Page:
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Swales and Angels
An Evening of the Music of Beth Anderson

November 19, 2003 Weill Recital Hall, Carnegie Hall New York

Reviews by Mark Greenfest & Karen Sharf

Beth Anderson's Three Swales was staggering, an over-the-top, exuberant set of flamboyant pieces in a post-Dvorak vein - - 'beautiful music' with a vengeance! (PGW)

- - friendly and accessible - but do not be deceived (MG)

These Belgian musicians, the Rubio String Quartet, launched into Beth Anderson's Pennyroyal Swale with such gusto, precision, and luscious tone that my jaw dropped. The rhythms of the swale, both renaissance and neoromantic, are enchanting, and the melodies are visions - it has the excitement of folk music and the beauty of classical.

Ms. Anderson's music is entirely friendly and accessible - but do not be deceived. This music is complex and difficult to play well. It is not the least saccharine - it's pure honey - and the darker hues and threads are woven together with the light. Although resident in Brooklyn, Ms. Anderson is a Kentucky-bred composer, and her music sounds like the Elizabethan melodies heard in the hill country, although newly composed by her, and brilliant.

I have listened to many remarkable programs in New York; in its own way, however, this one stands out. The New Mexico Swale, while clearly post-minimalist, has such lively flute and percussive elements in its soundscape. In The Angel, the harp-touches may have been a little florid, and the narrative recitative a little long, leading up to the vocalize and the Hans Christian Andersen poem, but the resulting poem and its performance, by soprano Jessica Marsten, hits the mark, with exceptional dramaturgy. Ms. Marsten's delivery and diction was a delight. The Flute Swale (1995) "takes you on a trip and brings you home in the end." Andrew Bolotowsky's (noted for baroue flute) modern flute solo, was rich and amiable. After excellent renditions of the January Swale (1998) and the March Swale (2000) by the Rubio String Quartet (the latter dedicated to Mary Rowell), the program concluded with the Piano Concerto (1997) with the powerful Joseph Kubera as an outstanding soloist. With Gary Schneider conducting, David Rozenblatt as marimba percussionist, the Rubio, and Darren Campbell, as bassist, all fine players, this jazzy but charming piece constituted a dessert to a wonderful meal. The audience agreed in its ovation - this concert was delicious.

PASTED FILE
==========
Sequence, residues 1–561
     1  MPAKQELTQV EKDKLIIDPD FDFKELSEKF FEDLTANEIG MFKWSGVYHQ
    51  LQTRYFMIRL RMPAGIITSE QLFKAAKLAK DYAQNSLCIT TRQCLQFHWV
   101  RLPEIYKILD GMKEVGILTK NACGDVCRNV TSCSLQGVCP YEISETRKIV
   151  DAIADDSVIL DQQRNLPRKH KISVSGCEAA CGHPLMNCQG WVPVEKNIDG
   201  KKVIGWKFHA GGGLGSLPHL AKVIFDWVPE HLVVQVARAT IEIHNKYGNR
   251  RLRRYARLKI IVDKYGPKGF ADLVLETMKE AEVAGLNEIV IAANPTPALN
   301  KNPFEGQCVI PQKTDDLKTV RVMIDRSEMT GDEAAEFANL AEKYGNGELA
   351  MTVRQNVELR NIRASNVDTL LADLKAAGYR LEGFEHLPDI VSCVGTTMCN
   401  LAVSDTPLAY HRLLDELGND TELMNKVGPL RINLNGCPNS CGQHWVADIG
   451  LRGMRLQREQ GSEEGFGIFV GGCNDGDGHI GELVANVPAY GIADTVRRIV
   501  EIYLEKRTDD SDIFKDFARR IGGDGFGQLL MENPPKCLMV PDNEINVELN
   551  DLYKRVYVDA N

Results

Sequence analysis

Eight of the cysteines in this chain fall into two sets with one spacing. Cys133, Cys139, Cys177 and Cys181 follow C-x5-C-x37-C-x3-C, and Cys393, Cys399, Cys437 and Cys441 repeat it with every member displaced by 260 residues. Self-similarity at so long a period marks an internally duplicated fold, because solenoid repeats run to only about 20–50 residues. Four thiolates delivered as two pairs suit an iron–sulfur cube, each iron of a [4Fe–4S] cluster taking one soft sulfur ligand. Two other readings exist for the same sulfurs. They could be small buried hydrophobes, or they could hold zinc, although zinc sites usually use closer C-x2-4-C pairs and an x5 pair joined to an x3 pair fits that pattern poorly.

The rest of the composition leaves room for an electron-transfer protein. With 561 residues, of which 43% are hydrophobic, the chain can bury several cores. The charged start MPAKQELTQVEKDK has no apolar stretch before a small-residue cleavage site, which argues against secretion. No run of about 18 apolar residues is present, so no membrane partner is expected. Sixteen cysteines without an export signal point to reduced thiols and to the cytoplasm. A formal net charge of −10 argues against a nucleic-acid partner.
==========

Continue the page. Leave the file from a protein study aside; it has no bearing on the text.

(© MG)


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"Swales and Angels" was a major concert of this American composer. The spectacular Belgian Rubio String Quartet performed a series of Ms. Anderson's beautiful single movement string quartets. They were joined by seven musicians to create a quintet and two septets. The New York based composer, originally from Kentucky, has written about her use of the title Swale in so many of her works, "A swale is a meadow or a marsh where there is nourishment and moisture and therefore, a rich diversity of plant life. My work, since 1984, has been made from swatches (of newly composed music, rather than found music) that are reminiscent of this diversity. When a horse named Swale won the Kentucky derby in 1984, I discovered the word and have used it extensively"

The Rubio opened the concert with "Pennyroyal Swale" which was composed in 1985 and dedicated to Mr. James Roy, past head of the concert division of B.M.I., in gratitude for his dedication to assisting women composers, a cause close to Ms. Anderson's heart. Ms. Anderson has absorbed many influences from a variety of musical styles and genres and has shaped these influences into a new American classical music. Next up was "Rosemary Swale" a piece from 1986. This quartet was full of important inner parts, 5/4 meter, and a beautiful cello solo that contained echoes of shape-note singing. Ms. Anderson studied with John Cage and Terry Riley and their separate influences are apparent in the cutups (as in Cage's "Radio Music") and in the bright colors of the harmony.